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Nellie McClung. Credit: Cyril Jessop (Public domain)
"I remember one day when I was leaving for a ten-day lecture tour," the famous feminist Nellie McClung recalled, "I bought an Accident Insurance Policy for five thousand dollars at the railway wicket, paying two dollars and a half for ten days' insurance. I had often done this before but had never really read the blue slip which I had received. But on this day I went over it carefully. It contained some excellent clauses, all beginning: 'If the insured be male.' It told how much he would be paid in case of total disability, partial disability, the loss of a hand or a foot or an eye, but always the sentence began in that ominous way: 'If the insured be male.' I wondered what the company had for me. On the other side of the slip I found it. In a little enclosure, fenced off in black, as if someone were already dead, appeared this inscription:

"'Females are insured against death only.'

"When I went back to the office I sought out the man who had sold me the policy and laid the matter before him.

"'Why is it,' I asked,'that you take a woman's money and give her lower protection than you give men?' He said he didn't know anything about it, but he would find somebody who might know. The next man assured me that he didn't know that women ever bought accident policies. He didn't know they could buy them, but he would take me in to see Mr. Brown; Mr. Brown would know. Mr. Brown did know. Mr. Brown knew so well he was rather impatient with me for asking.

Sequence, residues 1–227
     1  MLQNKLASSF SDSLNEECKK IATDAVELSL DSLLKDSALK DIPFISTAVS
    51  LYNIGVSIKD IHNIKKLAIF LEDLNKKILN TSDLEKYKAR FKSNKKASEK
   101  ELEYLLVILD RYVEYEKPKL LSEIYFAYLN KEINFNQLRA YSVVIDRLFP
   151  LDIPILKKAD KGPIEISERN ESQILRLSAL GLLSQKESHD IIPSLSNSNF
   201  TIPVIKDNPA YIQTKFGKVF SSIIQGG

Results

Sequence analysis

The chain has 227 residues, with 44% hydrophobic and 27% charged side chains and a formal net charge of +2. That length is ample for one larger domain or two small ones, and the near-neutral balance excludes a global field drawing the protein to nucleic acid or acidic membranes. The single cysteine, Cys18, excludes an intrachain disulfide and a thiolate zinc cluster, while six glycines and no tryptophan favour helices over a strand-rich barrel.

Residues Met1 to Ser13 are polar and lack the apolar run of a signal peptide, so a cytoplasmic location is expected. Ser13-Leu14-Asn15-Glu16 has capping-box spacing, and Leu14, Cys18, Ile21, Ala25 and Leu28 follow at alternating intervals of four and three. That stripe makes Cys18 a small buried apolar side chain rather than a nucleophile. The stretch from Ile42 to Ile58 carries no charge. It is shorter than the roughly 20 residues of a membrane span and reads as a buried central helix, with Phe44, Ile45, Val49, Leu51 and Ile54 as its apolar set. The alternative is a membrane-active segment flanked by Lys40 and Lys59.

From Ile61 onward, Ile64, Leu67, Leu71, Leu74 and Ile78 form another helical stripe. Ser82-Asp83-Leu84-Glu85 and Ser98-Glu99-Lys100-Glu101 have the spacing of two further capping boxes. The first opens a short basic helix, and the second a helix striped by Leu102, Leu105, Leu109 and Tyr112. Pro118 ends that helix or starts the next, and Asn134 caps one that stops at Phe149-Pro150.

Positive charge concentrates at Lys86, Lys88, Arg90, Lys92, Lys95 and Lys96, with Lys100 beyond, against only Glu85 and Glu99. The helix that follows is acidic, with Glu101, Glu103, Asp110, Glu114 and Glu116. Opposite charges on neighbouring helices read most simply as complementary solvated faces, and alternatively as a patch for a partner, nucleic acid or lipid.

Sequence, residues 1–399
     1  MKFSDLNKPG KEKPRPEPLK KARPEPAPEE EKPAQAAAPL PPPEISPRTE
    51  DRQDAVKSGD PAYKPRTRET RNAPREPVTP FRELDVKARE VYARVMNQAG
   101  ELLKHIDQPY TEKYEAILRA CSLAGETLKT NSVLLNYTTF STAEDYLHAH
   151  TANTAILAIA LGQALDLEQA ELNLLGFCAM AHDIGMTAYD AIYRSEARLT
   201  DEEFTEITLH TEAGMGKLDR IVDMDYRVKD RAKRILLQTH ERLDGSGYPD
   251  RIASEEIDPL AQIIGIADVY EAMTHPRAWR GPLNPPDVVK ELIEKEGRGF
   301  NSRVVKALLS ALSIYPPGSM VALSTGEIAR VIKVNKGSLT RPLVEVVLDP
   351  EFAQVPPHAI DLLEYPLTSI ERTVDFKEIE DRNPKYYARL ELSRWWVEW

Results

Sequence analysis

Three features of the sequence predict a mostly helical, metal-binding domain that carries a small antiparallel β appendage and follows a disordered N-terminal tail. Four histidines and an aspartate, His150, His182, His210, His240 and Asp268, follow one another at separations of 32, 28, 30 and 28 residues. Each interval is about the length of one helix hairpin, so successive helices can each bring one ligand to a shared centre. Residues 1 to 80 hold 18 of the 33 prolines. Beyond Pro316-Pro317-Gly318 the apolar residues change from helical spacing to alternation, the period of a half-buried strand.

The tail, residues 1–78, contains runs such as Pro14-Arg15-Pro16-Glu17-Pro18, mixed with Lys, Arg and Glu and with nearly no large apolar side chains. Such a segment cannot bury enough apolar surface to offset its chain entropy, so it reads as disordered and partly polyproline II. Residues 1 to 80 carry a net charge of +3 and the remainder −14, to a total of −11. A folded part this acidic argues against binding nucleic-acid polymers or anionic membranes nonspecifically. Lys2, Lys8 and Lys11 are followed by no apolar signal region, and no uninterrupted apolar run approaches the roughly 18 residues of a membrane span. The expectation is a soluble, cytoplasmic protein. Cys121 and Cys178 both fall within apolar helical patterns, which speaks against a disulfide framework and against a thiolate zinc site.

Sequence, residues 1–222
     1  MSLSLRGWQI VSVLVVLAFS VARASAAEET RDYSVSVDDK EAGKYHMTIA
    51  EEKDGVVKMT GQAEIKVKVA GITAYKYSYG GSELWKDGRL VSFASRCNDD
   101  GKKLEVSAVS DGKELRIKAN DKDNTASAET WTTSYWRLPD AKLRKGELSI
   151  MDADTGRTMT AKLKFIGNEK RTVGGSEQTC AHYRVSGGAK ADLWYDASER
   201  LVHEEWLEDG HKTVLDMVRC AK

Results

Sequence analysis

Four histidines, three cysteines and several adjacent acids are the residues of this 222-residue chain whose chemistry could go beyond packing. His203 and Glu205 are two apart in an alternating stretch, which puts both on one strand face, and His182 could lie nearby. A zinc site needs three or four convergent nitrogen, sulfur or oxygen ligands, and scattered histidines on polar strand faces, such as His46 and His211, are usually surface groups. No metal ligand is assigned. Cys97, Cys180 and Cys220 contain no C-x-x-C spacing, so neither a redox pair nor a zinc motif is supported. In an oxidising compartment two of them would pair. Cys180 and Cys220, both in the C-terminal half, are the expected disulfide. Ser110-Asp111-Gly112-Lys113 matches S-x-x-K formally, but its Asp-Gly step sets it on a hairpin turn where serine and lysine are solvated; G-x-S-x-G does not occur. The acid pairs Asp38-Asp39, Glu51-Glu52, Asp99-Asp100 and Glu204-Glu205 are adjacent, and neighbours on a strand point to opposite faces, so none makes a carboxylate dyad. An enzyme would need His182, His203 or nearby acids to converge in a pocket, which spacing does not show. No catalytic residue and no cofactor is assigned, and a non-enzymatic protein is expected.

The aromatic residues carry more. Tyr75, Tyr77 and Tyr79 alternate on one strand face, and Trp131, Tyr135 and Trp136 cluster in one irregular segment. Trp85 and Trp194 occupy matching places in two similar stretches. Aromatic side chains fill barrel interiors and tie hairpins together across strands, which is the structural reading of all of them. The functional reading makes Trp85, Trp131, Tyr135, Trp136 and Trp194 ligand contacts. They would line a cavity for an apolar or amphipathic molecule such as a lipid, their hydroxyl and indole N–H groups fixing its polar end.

"'Don't you know,' said Mr. Brown severely, taking off his glasses, as if to let his brain cool, 'that women are much more highly sensitized than men, and would be more easily hurt in an accident, they would be a victim of pure nerves, would like nothing better than to lie in bed for a week or two, and draw her seven-fifty a week. They would think they were hurt when they really were not, andthere would be no end of trouble.

"'But, Mr. Brown,' I said, 'what about the clause relating to the loss of hand or foot? You would not be altogether dependent on the woman's testimony in that, would you? You could check them up—ifthey are pretending, could you not?

"Mr. Brown's face indicated that he couldn't be bothered answering any more foolish questions. He put on his glasses, and I knew I was being dismissed. I thanked Mr. Brown for his information and told him that I hoped to have an opportunity of bringing the matter before the next convention of insurance men.

"Mr. Brown looked up then quickly.

"'Have the insurance men invited you to speak to them?' he askedsharply.

"'No,' I answered truthfully. 'They haven't. But they will.'"

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